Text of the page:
Marks

printed onto poster "Dispossessed / Every time Aboriginals are / forced to move because of / poverty, harassment or white / housing policy we lose more / of our connection to the land / and our people. / So we travel through halfway / places in our own land" printed onto poster "designed and printed by Alice Hinton / Garage Graphix"

Dimensions

Height

495 mm

Width

750 mm

Production

Notes

Alice Hinton-Bate-up has entwined the following words into the poster:
"Dispossessed. Every time Aboriginals are forced to move because of poverty, harassment or white housing policy we lose more of our connection to the land and our people. So we travel through halfway places in our own land."

The poster was designed and printed by Alice Hinton-Bateup for Garage Graphix in Western Sydney during the 1980s.

History

Used

  • 1985

Notes

Poster was This poster was displayed in the Urban Koories Exhibition of Urban Aboriginal Art at the Workshop Arts Centre, Willoughby in 1985, and purchased by the Museum in 1986.

James Wilson-Miller also provide history notes for this object:
"The designer of this poster, Alice Hinton-Bateup, is a cousin of mine. We share the same great, grandmother, Harriet Waters, the elderly lady in this poster. I personally took this image of our great grandmother in early February or March 1961 when I'd just turned twelve years old. The cartography is also mine. It was taken from my book, Koori: A Will To Win (p.13) published by Angus and Robertson in 1985 (p.13). I was never asked or consulted to grant my cousin permission for publication within this poster." James Wilson-Miller, Curator, October 2013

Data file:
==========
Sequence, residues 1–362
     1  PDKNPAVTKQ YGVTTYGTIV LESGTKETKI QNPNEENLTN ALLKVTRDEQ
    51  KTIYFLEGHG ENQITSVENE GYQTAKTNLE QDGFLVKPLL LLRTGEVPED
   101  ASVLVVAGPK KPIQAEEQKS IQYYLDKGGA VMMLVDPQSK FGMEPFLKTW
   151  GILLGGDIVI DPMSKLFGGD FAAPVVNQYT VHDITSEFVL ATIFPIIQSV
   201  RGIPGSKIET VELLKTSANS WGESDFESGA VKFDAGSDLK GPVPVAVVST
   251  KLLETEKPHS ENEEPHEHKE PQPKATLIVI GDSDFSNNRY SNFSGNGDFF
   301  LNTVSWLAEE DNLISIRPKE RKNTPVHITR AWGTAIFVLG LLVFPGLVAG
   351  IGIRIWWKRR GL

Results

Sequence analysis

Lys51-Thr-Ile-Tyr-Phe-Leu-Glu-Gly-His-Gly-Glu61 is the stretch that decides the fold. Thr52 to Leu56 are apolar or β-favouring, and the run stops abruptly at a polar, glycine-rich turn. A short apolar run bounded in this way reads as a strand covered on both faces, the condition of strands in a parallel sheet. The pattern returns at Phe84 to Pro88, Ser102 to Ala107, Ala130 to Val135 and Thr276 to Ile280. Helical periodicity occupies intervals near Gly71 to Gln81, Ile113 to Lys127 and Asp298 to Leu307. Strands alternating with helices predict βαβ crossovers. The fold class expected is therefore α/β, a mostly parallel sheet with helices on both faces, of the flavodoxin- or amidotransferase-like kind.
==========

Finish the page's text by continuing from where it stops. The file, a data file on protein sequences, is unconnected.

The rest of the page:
" Recently, I learned via James Wilson-Millers book that Harriet Waters is my Great Great Grandmother, and that her image was recorded in a photograph in his book. That 'Eureka' moment of excitement was matched at seeing Harriet portrayed for posterity in the lovely poster by Alice Hinton-Bateup. Harriet's daughter (my Great Grandmother Ethel) married Frederick Lester, who enlisted for the Great War, along with his brother Augustus Lester and nephew Alister Lester. I was proud to loan their military photos to Katanning Senior High School for NAIDOC, which focused on Aboriginal service in WW1."
Steven Bowes, blog comment, on 'NAIDOC Week 6-13 July 2014', Inside the Collection, 31 October 2014

Cite this Object

Harvard

'Dispossessed' by Alice Hinton-Bateup 2020, Museum of Applied Arts & Sciences, accessed 30 October 2020, <https://ma.as/54984>

Wikipedia

{{cite web |url=https://ma.as/54984 |title='Dispossessed' by Alice Hinton-Bateup |author=Museum of Applied Arts & Sciences |access-date=30 October 2020 |publisher=Museum of Applied Arts & Sciences, Australia}}